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International Journal of Biodiversity Science and Management 2 (2006) 350–358 Tourism and protected areas: motives, actors and processes 1 2 3 1 Anna Zachrisson , Klas Sandell , Peter Fredman and Katarina Eckerberg Department of Political Science Umeå University, Umeå, Sweden Department of Human Geography and Tourism, Karlstad University, Karlstad, Sweden European Tourism Research Institute, Mid-Sweden University, Östersund, Sweden Key words: Protected areas, nature conservation, tourism, rural development, participation SUMMARY Following the paradigm shift in nature conservation policy towards the inclusion of local inhabitants in the planning and management of protected areas, tourism is emphasised as a means to achieve economic development in peripheral areas. Governance issues and the real impacts from tourism on development are thus often under scrutiny. This article focuses on the role of tourism in the political process of designating protected areas. How does the inclusion of the tourism argument affect designation processes? What kind of tourism is being promoted and how can it be conceptualised with regard to human views of the use of nature? An ecostrategic framework is presented to illustrate the essential land-use choices available. Three cases of protected area designation processes are used to address the issue of tourism: the failure of the Kiruna National Park proposal and the successful implementation of the snowmobile regulation area in Funäsdalen and Fulufjället National Park. The analysis shows that while tourism may increase local acceptance of protected areas, the power of this argument also depends on contextual and process factors. INTRODUCTION Tourism plays an important and increasing role in ‘...protected areashavefor me mostly been ...aminor the economy of the Swedish mountain region, as in hindrance actually, because there have been special rules many other peripheral and rural areas all over the on whether I can work there or not. And I was banging world. While the region’s economy has traditionally my head against the wall when I started, when I spoke been associated with farming, reindeer herding, out and said that I will work with commercial tourism forestry and mining, a decline in these industries and I need a permission to do it in a national park. It has brought expectations regarding tourism to the took almost three years for me to get it.’Anecotourism forefront. The establishment of protected areas in entrepreneur working in the mountain region. this region is also important both for conservation In fact, most current management plans for of nature per se and for attracting tourists from national parks and nature reserves in Sweden still various parts of Sweden and abroad. Nevertheless, ban commercial activities in these areas, and this has many local actors instead perceive protected areas precluded the development of tourism businesses. as barriers to development and recreation: The plans also restrict many activities that people Correspondence: Anna Zachrisson, Department of Political Science Umeå University, SE-901 81 Umeå, Sweden. Email: email@example.com 350 Tourism and protected areas Zachrisson et al. living close to the protected areas feel to be crucial, mainly on empirical material that has been or is such as hunting, fishing and snowmobiling. soon to be reported elsewhere. The Kiruna Currently, a new conservation paradigm is being (Sandell 2005a) and Funäsdalen (Zachrisson 2006, introduced into the Swedish mountain region, first, submitted for publication) cases are based on by the adoption of binding international conserva- qualitative case studies including key informant tion demands and, second, by increased tourism interviews and documentary analysis (official into the region. These processes also fuel demands documentation and newspaper articles). In the from the grassroots for the decentralisation of Fulufjället case, secondary sources are used to some policy processes. About 65% of Swedes support self- extent (Wallsten 2003) together with quantitative or co-management of protected areas (Zachrisson visitor surveys (Fredman et al. 2005; Fredman 2006, 2006). The Swedish government has tried to accom- submitted for publication). In this article, these modate these diversified demands in its new nature data are approached using the two questions out- conservation policy, which emphasises the import- lined above; it thus constitutes a joint effort to ance of protected areas for recreation and eco- understand yet another aspect of the case studies. nomic development, as well as local participation in In addition, new data were collected with a focus the management of these areas (Skr 2001/02). group consisting of stakeholders involved in tour- Studies from the western USA and the UK have ism and/or protected area issues in the mountain identified a positive relationship between regional region (see Esselin and Ljung in this issue). The development and national park establishment quotes in the article originate from this material, (Lorah and Southwick 2003; Moisey 2003; Frentz which was recorded and transcribed to give et al. 2004). In general, protected areas are increas- examples of how stakeholders support views and ingly seen as a tool for the development of peri- conclusions. pheral areas (Machlis and Field 2000). Research in the Swedish mountain region suggests, however, PROTECTED AREAS IN THE SWEDISH that tourism does not have such great potential MOUNTAIN REGION (Heberlein et al. 2002; Lundgren 2005; Lundmark 2005). These results are debated and the issue of The Swedish mountains provide excellent oppor- tourism may still function as a door-opener to local tunities for tourism and recreation in both winter communities by providing income opportunities and summer. For many Swedes, the mountain which could facilitate processes of designating region is a special place (Fredman and Heberlein protected areas. This aspect has hitherto been over- 2005); almost a quarter of adult Swedes visit the looked, as analyses of the new conservation para- mountains each year for recreation and leisure digm have so far concentrated on governance. (Heberlein et al. 2002). The many protected areas More research is therefore needed to decide the cover 24.4% of total land area in the region and are potential of tourism in securing support for the increasingly believed to have potential for the designation of protected areas. development of tourism. In a recent study of the The aim of this article is to analyse the role of Swedish population, Fredman and Sandell (2005) tourism in implementing protected area designa- show that, for most Swedes, protected areas in the tions in the Swedish mountain region. The case mountain region are important for satisfying the study areas are two national parks and a municipal need for nature experiences. About 20% consider snowmobile regulation area. In particular, we asked them very important, an equal amount rather impor- the following questions: How has the inclusion of tant, and 36% think they are somewhat important. tourism influenced the designation processes? Visitation data from the same survey show that 6.5% What kind of tourism has been promoted and how of the adult Swedish population visited a national can this be conceptualised with regard to human park in the mountain region within a single year. views of the use of nature? Europe’s first national parks were established in 1909 in the northern parts of the Swedish mountain range. Following the environmental debate of the METHOD 1960s, the national government identified several This article is a synthesis of research undertaken areas of national interest for nature conservation by scientists from different disciplines, and is based and recreation, many in the mountain region. International Journal of Biodiversity Science and Management 351 Tourism and protected areas Zachrisson et al. Their purpose was to serve as recreational areas for Since the end of the 1980s, local participation in the general public, and to secure land for recre- the management of protected areas has been ation and support the development of the tourism emphasised. Nature conservation is now supposed industry. A study of the motives for establishing pro- to be done with and for people, instead of the previ- tected areas in the Swedish mountain area from ous protection from people (Zachrisson 2004). 1909 to 2003 shows that conservational and societal A good illustration from the Swedish mountain values have been quite equally represented over region was the strategy shift in 1995 (Sandell time (Eckerberg and Moen 2006). ‘Landscape’ and 2005b) when a conventional national park designa- ‘recreational’ values are as frequently referred to as tion process in Southern Jämtland was replaced by a ‘old-growth forests’ and ‘general ecological values’. proposal based on local conditions, initiated with Since the Rio Earth Summit in 1992, however, the the thematic regional synoptic plan as an arena for motive to secure ‘nature experiences’ has strongly discussion. The new paradigm is informed by the increased, while more aesthetic aspects have been concept of sustainable development which aims downplayed. Since 1992, some criteria have been to combine ecological sustainability with socio- especially emphasised, such as ‘educational values’ economic development (Hulme and Murphree and ‘ecotourism’, which indicates a widening view 1999). In terms of nature conservation, this has on the purpose of protection. Nevertheless, conser- included attempts to reconcile the interests of vation values remain strong. Since the mid-20th local communities with those of conservation by century, the area of protected nature in Sweden has pointing to the economic benefits that could follow increased tenfold: today, Sweden has 28 national from tourism development promoted by protected parks and about 2500 nature reserves. Recent areas. Protected areas can be of considerable value changes in Swedish environmental policy imply for nature-based tourism if designation brings increased recognition of social and economic recognition or increased tourism value and there is values in (and around) protected areas (Skr a regulatory framework within which tourism can 2001/02). Key components in this process are local be managed. Recreation and tourism can, in this participation, regional development (e.g. tour- way, be critical to fostering support for protected ism), and recognition of outdoor recreation bene- areas (Goodwin 2000; Staiff and Bushell 2004). fits (e.g. health, environmental education). AN ECOSTRATEGIC FRAMEWORK PARADIGM SHIFT AND NEW One attempt to integrate questions of conservation CHALLENGES and development is the conceptual framework of In the late 19th century, areas regarded as having ecostrategies (view and use of nature) that is briefly particular scenic beauty or uniqueness began to introduced here and used below for discussions of be set aside for exclusive conservation. A world the empirical cases (for further references and pre- standard based upon strict nature protection and sentation see, for example, Sandell 2005a). When a the prohibition of settlement and the exploitation general conceptual framework for discussing con- of natural resources was established (Stevens 1997). servation, place and landscape is sought, a dichot- While there was no place for local people, it was a omy of domination versus adaptation with regard to different matter with tourists, who were welcomed human views and use of nature is often identified in order to benefit from the refuge from the ills of (for examples see Sandell 1988). A parallel division civilisation (Colchester 1997). This confrontation with regard to regional development has been sug- policy has proved ineffective as a conservation gested by Friedmann and Weaver (1979) using the measure in many aspects. It has evoked local resist- concepts of functional and territorial development. ance and has therefore been difficult to implement A major effect of this approach, in many ways since strong monitoring mechanisms are needed similar to centralised and decentralised systems, is (Nepal and Weber 1995; Ghimere and Pimbert that various aspects of social integration (politics, 1997). Even in ecological terms, this policy has economy and culture) are brought into focus failed since biodiversity may even decrease when together with the human ecological issues. human interference (e.g. domestic animal grazing) From this, the ecostrategic framework is con- is interrupted (West and Brechin 1991). stituted as a four-field figure (Figure 1). The 352 International Journal of Biodiversity Science and Management Tourism and protected areas Zachrisson et al. Active use and change of landscape A Factory for One´s Home producing District to be activities utilised More of Functional Territorial local participation specialisation adaptation and regional development Domination Adaptation The activity The local The and function landscape traditional is the point of is the point of national park departure departure perspective A Museum for One´s Home external District to be consumption admired Passive viewing, enjoyment, admiration and exploration of the landscape Figure 1 The conceptual framework of four ecostrategies with regard to human relationships to nature and land- scape (adapted from Sandell 2005b) horizontal axis illustrates the dichotomy of func- territorial strategies. The arrow in Figure 1 illus- tional specialisation versus territorial adaptation as trates the paradigm shift in nature conservation points of departure for landscape perspectives – a policy discussed above. basic choice between functional dependence on exchange with other areas and territorial depend- ence on the best use of local resources. The vertical CASE STUDIES FROM THE SWEDISH axis illustrates the dichotomy of the strategies of MOUNTAIN REGION active use versus passive contemplation of the land- The Failure of the Kiruna National Park scape (i.e. a choice between utilisation and conser- proposal vation). The different ecostrategies involve various crucial consequences in terms of democracy, During the late 1980s, there was a debate about environment, views of nature, outdoor recreation, establishing a large national park in the high moun- local development, etc. Even though the different tain area around Lake Torne, close to the town of strategies may appear to be clear-cut categories in Kiruna in northernmost Sweden. It involved two Figure 1, the reality exhibits tendencies and blends smaller existing national parks, a number of involving a greater or lesser degree of passive versus marked trails, mountain huts and the Abisko tourist active landscape uses, and of functional versus centre, and would have been one of the largest International Journal of Biodiversity Science and Management 353 Tourism and protected areas Zachrisson et al. national parks in Europe (4360 km ). This area has led to the local opposition. It was clearly stated in been important for tourism since the beginning the plan that reindeer herding would not be subject of the 20th century, and in 1976 it was included in to restrictions but, even though generally maintain- the list of Sweden’s 25 primary recreation areas. ing a low profile in the debate, the Sami also Tourism did not, however, constitute a major eco- appeared somewhat sceptical. nomic sector in Kiruna, which is primarily a mining Even though the Swedish EPA organised public community. Reindeer herding by Sami is another meetings in Kiruna and established a working important activity in the area (Swedish EPA 1989; group in which various interested parties were Sandell 2005a). represented, there was such a clash of interests that The main advocates for the park were the the project could not be implemented. The plan Swedish Environmental Protection Agency (EPA) for the national park was shelved for an indefinite and the regional tourist organisation. National period (which continues). In summary, it may be organisations involved in tourism, conservation argued that there was a clash between basically very and the outdoors also seemed to be positive. The different cultural views (cf. ecostrategies above) of objectives of the national park, as put forward by conservation and outdoor recreation represented the Swedish EPA, were closely linked to touristic by advocates and opponents. The combination of perspectives. It would give much larger groups of the tourism sector and the new national park pro- people the opportunity for genuine and first-rate posed by the Swedish EPA as a possibility for the experiences of wilderness-like nature, in an alpine local economy was, to a large extent, perceived by topography with unexploited roadless alpine local residents as irrelevant and representing a heaths and stupendous massifs. The Swedish EPA change in recreation habits. wanted to widen the traditional Swedish view of the national park concept, with inspiration from The Funäsdalen Snowmobile Regulation national parks in North America such as zoning, Area rangers and visitor centres. The ambition was to strengthen the area’s legal protection against Funäsdalen is situated in the southern part of the exploitation, but also to raise its status and visitor mountain range, in western Härjedalen, and is a attraction value and to establish a coordinated popular tourist destination, particularly for cross- administration that was locally based and thus gen- country skiers. Increasingly, people also come for erated jobs. The goal was a high degree of interplay other winter activities such as snowmobiling, which between nature conservation and tourism develop- has resulted in some conflicts. Cross-country skiers ment, including a tourist centre in Abisko with exhi- started complaining about the smelly exhausts and bitions, shops, and a cinema for 220 spectators. the noise of snowmobiles, and local landowners However, resistance at the local level turned out about damage to soil and plantations due to snow- to be strong, as local residents were afraid that their mobiles. In the early 1990s, the County Administra- use of the area would be curtailed, in particular tion Board tried to regulate snowmobiling to solve regarding outdoor activities such as fishing, hunt- these conflicts, but failed because of strong local ing and snowmobiling. These perspectives were resistance. Instead, a local process was initiated and argued for in the local newspapers and at local most of the involved stakeholders – including tour- meetings, in particular by the local hunting and ist entrepreneurs, landowners, Sami reindeer fishing association. A petition, with more than herders and officials – were invited to participate. 15,000 signatures, asserted that the establishment By the end of the 1990s, consensus had been of a Kiruna National Park was a clear intrusion reached on the need for regulations. The munici- upon the right of public access. As Kiruna is tradi- pal snowmobile regulation area was formally tionally a mining society, new employment pros- established in 2000. The regulations state that pects in the area of tourism and service were very snowmobiling is only allowed on trails after paying a unfamiliar for many. This, in combination with a fee, except for local inhabitants who may use snow- tradition of local scepticism towards central author- mobiles to go to a previously agreed site. External ities, e.g. due to previous tensions around the use of funding of SEK 7.5 million assured the construc- snowmobiles and the perceived linkage between tion of an exceptional high-quality trail system the national park concept and a lack of local power, (Zachrisson 2006, submitted for publication). 354 International Journal of Biodiversity Science and Management Tourism and protected areas Zachrisson et al. The issue of tourism is key to understanding the involving local and national interests’. The success process in Funäsdalen, not least because the com- is assigned to an ‘inside-out’ process rather than munity is dependent on tourism for employment previously used, and less successful, ‘outside-in’ opportunities. Complaints from tourists were a processes (cf. the Kiruna case above). According to major reason for starting the discussions on snow- Wallsten, the latter process focuses on problems mobile regulations, and the active participation of and regulations of park use, while the former con- tourist entrepreneurs, including snowmobile sell- centrates on opportunities and benefits outside the ers and renters, was essential to change local atti- park. Following a first phase, where a traditional tudes. When even the snowmobile sellers were ‘outside-in’ process was close to failure, the Swedish advocating regulations, snowmobilers who go out EPA initiated the ‘Fulufjället surrounding project’ just for fun were convinced that something needed that evaluated local conditions and then assessed to be done. Their argument was that Funäsdalen the possible benefits of a national park. The loss to should host both cross-country skiers and snow- the local population (in terms of restrictions in use mobilers, and that regulation combined with a of the park area) was balanced against gains from high-quality trail system would satisfy both groups. park opportunities, many of which referred to tour- In this way, they wanted to develop the trademark ism. Growing local acceptance was a basic reason and attractiveness of Funäsdalen even further. for final approval of the park by the municipality This also meant that they aimed to balance more (Wallsten 2003). commercial tourism (such as snowmobile safaris) The realisation of Fulufjället National Park with traditional outdoor recreation such as cross- implied a number of tourism-related investments country skiing. and concepts. Complementary infrastructure was However, tourism was not the only important developed, including a visitor centre, new trails, issue in the snowmobile controversy; there was also and improved signage within and outside the park. the landowners’ struggle for regulations and a Unlike other national parks in Sweden, a Recre- piece of the tourism cake. They took an active part ation Opportunity Spectrum framework (Clark and in the process and resolved legal issues, for instance Stankey 1979) was implemented and communi- whether the Swedish right to public access to both cated as part of the national park designation pro- private and public land for recreation purposes also cess. The management plan divides the park into includes access by snowmobiles. The alliance four zones – the wilderness zone, the low-intensity between two of the strongest economic sectors in activity zone, the high-intensity activity zone, and the area thus succeeded in convincing the local the development zone – with different directions opposition of the benefits of regulation. and measures for exploitation and protection (Swedish EPA 2002). In this way, both demands for protection and wishes for certain recreation The designation of Fulufjället National activities can be satisfied. In the year before and Park after designation, visitor surveys were conducted to Fulufjället National Park is located in the southern- guide the park management plan and further most part of the Swedish mountains. It was desig- development, as well as to monitor changes in nated as a national park in 2002 with the purpose to visitor characteristics, activities and impacts essentially preserve, in an unspoiled condition, a (Fredman et al. 2005, 2006). According to these southern Scandinavian mountain area with distinc- surveys, park visitation increased by 40% following tive vegetation and great natural value. The aim was the designation. Parallel to the national park desig- also to provide experiences of tranquility, isolation nation process, a tourism development project was and purity for visitors in combination with making also implemented with European Union funding. it easier for the public to experience the park’s The park is now jointly promoted as one of the key nature. Tourism was a key factor in changing resist- attractions in the region. Fulufjället is thus con- ance to national park establishment into a favour- sidered by the Swedish government as a good able local opinion. example of how the conservation of nature can con- The establishment of the National Park has been tribute to regional development (Skr 2001/02), described by Wallsten (2003:227) as ‘. . . one of the and the Swedish EPA considers Fulufjället a model best examples in Sweden of conflict management for future national park establishment in Sweden. International Journal of Biodiversity Science and Management 355 Tourism and protected areas Zachrisson et al. protection would lead to increased tourism and, CONCLUDING DISCUSSION thus, local employment would be generated. In First, it should be noted that the three cases can be Funäsdalen and Fulufjället, the tourism argument placed along a time sequence, with Kiruna in the played an important role in successfully confront- mid-1980s, Funäsdalen next in the early 1990s, and ing initial local protests, and protection measures Fulufjället last at the end of the 1990s. The general could be adopted, while this did not happen in context has undoubtedly changed during this Kiruna. Hence, whether or not tourism was used period (as also outlined in the theoretical con- as an argument, who introduced it, and for what textualisation section), which means that society’s purposes, cannot give a straightforward explana- emphasis on tourism is much higher now than it tion of the outcomes of these processes, even used to be. though it is potentially important. The potential of Using the conceptual framework of eco- a tourism argument is dependent on, or related to, strategies presented in Figure 1, the Kiruna some other factors. national park proposal illustrates the conflict This study shows three major aspects that might between the traditional ‘museum’ park perspective explain the outcomes of the three cases. First of (here somewhat extended towards the ‘factory’ all, the local context of dependency is important: what position through the interest in tourism invest- separates the failure in Kiruna from the two success ments), and the local opposition very much cases is that the proposed national park would have engaged in ‘one’s home district to be utilised’, here been situated close to a town of 25,000 inhabitants through snowmobiles, hunting and fishing. The that was primarily dependent on mining rather successful establishment of Fulufjället National than tourism. Therefore, tourism did not appear as Park could be interpreted as based upon a linkage a necessary complementary source of employment between a modern zoned and tourism-oriented as it did in Funäsdalen and Fulufjället, which are nature reserve, and an extensive development pro- inhabited by about 2400 and 400 people, respec- ject with heavy investment in the surrounding tively, and where there are not many alternative region. Different ecostrategies could be fulfilled at employers apart from tourism enterprises. different locations within the same area, and this, together with external compensation to the local ‘. . . there are also the locals’ own needs for recreation society, made the proposal attractive. The same areas and how they view these values. It is easier to design was also at work in Funäsdalen where the understand this reasoning where they have their regulations separate cross-country skiers from incomes secured anyway, such as in the mining areas. snowmobilers (a kind of zoning) and considerable On the other hand, it is very difficult to understand investments to improve snowmobile trails were this in many other mountain areas where the only possi- made in order to satisfy opponents. In this way, bility to make a living, except reindeer herding, is some most tourists and locals could meet in the upper form of tourism . . . You have to accept to make room for right corner of the conceptual framework (Figure job creation . . . Accordingly, you buy that it is more 1) with the locals as legitimate regulators of how important to create jobs and to get a good quality of the their home district should be utilised (here includ- area than to have total freedom.’ (A representative ing new trails, bridges, etc.). Simultaneously, the from the municipality of Härjedalen.) more museum-like ecostrategy of cross-country The second crucial aspect is how the local popu- skiers could still coexist, using other zones of the lation is approached and included in the process. area. In other words, the perspective of ‘functional In the Kiruna case, major advocates were external specialisation’ of the landscape (to the left in Figure to the local community. As they did not invest 1) was decentralised and transformed to the local enough effort in building a coalition with strong level in line with a more territorial development. local partners in favour of the proposal, the differ- In all three cases examined here, tourism was ent ecostrategies could not be united. It seems as part of the dominant ecostrategies employed to though multi-level coalitions are key to success in this legitimise protection. Tourism was introduced by kind of processes: the local partners should not the Swedish EPA in both Kiruna and Fulufjället, only represent politicians and minorities, but also while it was a more of a mutual process in include economically strong actors. The work to Funäsdalen. The argument was primarily that the build such coalitions appears to be facilitated by a 356 International Journal of Biodiversity Science and Management Tourism and protected areas Zachrisson et al. transparent process where many local voices are of the area. Then you achieve integration between the heard, as indeed happened in Funäsdalen and need of protection and local development which means Fulufjället. that the protection will not be perceived as something This leads to the third central aspect, which is to negative but as an important ingredient to create this realise that processes to designate protected areas development. (A representative from the munici- must focus on how the area can be of value for local pality of Härjedalen.) communities as well as for visitors, i.e. a multiple-use To conclude, this article has illustrated how approach must be adopted. To promote tourism as a different ecostrategies interact to create certain boost for local development and employment outcomes. It has also shown that tourism can be opportunities is only one aspect; it is also essential an important argument for increasing local to find out how local residents already use the area acceptance for the establishment of protected and how they wish to use it in the future. If com- areas, but is not sufficient on its own. How the promises can be found, win–win solutions can tourism argument is perceived at the local level result. 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International Journal of Biodiversity Science & Management – Taylor & Francis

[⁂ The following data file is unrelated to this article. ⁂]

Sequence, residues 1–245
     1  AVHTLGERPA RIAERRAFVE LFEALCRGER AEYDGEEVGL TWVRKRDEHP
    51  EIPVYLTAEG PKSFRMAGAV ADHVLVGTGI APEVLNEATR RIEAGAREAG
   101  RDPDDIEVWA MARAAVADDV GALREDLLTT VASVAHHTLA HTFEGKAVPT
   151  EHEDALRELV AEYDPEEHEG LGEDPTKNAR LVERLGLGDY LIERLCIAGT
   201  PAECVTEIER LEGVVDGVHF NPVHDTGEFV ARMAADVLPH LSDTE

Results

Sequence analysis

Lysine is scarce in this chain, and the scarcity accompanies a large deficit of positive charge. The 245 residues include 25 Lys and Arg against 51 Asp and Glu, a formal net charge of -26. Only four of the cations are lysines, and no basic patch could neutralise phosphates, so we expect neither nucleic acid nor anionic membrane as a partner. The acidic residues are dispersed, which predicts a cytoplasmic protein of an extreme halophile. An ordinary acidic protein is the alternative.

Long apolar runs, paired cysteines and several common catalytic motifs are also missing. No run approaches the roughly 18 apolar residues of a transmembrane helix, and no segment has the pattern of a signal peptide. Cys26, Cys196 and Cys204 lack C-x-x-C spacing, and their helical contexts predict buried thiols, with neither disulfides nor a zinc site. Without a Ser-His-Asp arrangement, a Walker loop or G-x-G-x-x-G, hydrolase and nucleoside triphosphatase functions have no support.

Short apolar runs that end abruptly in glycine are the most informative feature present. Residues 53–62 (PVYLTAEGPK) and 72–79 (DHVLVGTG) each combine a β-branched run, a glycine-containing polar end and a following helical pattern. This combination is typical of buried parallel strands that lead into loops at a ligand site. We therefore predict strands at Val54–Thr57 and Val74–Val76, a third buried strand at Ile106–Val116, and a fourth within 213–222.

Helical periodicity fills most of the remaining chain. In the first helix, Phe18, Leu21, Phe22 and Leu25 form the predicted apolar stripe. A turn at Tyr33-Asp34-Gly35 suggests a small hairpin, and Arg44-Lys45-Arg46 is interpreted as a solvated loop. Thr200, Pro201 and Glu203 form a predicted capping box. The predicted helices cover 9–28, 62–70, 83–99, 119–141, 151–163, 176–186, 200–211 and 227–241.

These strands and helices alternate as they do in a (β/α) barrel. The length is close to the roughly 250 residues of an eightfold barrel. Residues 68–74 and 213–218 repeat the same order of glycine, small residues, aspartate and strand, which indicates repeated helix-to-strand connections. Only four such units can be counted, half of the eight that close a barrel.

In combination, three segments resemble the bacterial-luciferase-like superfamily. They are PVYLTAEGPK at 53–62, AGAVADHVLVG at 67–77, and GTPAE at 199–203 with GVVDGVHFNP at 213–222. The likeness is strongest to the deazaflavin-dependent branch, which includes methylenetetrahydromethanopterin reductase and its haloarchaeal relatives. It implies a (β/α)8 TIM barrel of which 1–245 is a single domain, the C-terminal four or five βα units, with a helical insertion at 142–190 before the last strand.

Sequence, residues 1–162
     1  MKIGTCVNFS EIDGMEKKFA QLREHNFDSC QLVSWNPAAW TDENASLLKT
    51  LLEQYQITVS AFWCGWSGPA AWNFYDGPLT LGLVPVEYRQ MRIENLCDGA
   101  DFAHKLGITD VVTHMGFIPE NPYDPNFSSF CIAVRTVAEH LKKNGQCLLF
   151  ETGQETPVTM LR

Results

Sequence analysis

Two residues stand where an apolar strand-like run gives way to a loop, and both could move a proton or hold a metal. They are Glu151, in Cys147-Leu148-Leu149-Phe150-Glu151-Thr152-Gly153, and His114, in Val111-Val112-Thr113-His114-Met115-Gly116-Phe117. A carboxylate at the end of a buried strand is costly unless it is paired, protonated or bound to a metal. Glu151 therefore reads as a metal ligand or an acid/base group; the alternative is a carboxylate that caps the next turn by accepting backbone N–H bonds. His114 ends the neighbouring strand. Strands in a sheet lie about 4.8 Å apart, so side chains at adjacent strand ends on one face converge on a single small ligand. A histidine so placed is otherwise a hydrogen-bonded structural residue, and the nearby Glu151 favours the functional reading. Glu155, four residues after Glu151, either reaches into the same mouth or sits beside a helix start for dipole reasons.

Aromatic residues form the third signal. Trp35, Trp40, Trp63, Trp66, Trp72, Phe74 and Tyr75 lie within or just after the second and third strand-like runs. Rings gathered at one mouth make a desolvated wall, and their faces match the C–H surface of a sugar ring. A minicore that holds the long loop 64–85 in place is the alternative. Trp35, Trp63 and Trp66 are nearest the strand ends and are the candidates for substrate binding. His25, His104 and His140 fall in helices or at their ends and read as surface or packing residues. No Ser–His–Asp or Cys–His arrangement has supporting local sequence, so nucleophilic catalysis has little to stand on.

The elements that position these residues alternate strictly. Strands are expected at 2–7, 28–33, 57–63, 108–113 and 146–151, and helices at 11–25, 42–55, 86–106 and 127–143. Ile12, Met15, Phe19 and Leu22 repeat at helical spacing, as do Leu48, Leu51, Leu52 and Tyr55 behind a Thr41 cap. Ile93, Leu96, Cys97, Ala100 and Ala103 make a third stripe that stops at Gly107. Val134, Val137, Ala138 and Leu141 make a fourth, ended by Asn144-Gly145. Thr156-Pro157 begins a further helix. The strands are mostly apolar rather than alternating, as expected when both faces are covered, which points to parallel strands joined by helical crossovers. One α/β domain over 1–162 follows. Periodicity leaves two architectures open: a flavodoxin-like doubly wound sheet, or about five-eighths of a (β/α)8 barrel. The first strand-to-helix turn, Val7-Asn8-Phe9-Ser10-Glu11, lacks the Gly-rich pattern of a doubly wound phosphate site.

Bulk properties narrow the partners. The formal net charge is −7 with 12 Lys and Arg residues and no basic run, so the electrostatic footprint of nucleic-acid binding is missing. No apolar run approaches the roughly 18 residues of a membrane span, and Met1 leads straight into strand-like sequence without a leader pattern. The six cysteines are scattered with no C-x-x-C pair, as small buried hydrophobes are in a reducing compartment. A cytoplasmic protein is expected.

Published: Dec 1, 2006
Keywords: PROTECTED AREAS; NATURE CONSERVATION; TOURISM; RURAL DEVELOPMENT; PARTICIPATION